Compared to current machine learning where models are trained for specific tasks with fixed algorithm on a huge dataset, there are numerous advantages of this concept, including:

  • Data is stored locally on the chip and not in the cloud so there is greater security, much faster reaction and lower power consumption
  • Computation is done in-situ so there is no need to transfer data from memory to the computation unit
  • The system could adapt to very different real world situations since it would imitate human learning ability

A recent joint paper from Politecnico di Milano, Weebit and CEA-Leti proposed a bio-inspired neural network capable of learning using Weebit ReRAM. The focus is on building a bio-inspired system that requires hardware with plasticity, in other words the ability to adjust its state based on specific inputs and rules, as in the case of biological synapses. You can read about this work in an article by Alessandro Bricalli, ‘AI Reinforcement Learning with Weebit ReRAM.’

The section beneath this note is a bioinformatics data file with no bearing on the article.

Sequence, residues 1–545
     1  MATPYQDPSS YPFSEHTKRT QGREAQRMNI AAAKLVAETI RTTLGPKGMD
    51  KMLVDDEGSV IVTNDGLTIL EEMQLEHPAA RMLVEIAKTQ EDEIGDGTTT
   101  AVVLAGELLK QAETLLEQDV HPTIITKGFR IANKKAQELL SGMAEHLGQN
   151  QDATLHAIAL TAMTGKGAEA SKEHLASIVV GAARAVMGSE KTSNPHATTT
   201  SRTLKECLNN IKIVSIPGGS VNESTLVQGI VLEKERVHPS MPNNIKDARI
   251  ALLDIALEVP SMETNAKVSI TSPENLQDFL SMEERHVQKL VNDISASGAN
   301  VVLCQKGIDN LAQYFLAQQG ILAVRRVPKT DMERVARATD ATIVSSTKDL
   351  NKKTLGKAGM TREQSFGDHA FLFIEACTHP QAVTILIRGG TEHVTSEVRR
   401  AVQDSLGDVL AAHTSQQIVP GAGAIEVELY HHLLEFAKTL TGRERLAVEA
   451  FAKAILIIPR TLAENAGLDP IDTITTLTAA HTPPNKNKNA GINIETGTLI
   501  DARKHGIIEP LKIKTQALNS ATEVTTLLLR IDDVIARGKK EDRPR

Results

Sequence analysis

This is the future of ReRAM in AI, and I can’t wait!

 

Overcoming hurdles

Like all memory technologies, ReRAM has both pros and cons for neuromorphic applications. On the ‘pros’ side, this includes its non-volatility, ability to scale to smaller nodes, low power consumption and the ability to have multi-level operation.

The ‘cons’ are largely due to phenomena such as limited precision of the programming conductance. ReRAM technologies are also subject to some resistance drift while cycling. Other phenomena, such as relaxation (linked to both time and temperature), can impact resistance values over time.

As we look towards using ReRAM for neuromorphic computing, we won’t let such resistance variability hold us back. There are not only ways to mitigate such factors, but also ways in which these ‘cons’ can be taken advantage of in certain neuromorphic bio-inspired circuits.

 

Mitigating resistance variability

One of the main ways we can mitigate resistance variability is by using Program and Verify (P&V) algorithms. The idea is quite simple: whenever a cell doesn’t satisfy a given criterion in some way, we can reprogram it and then re-verify its resistance state. Such methods allow us to fine-tune resistance levels in a given range to attain more than just the levels of low-resistance state (LRS) and high-resistance state (HRS).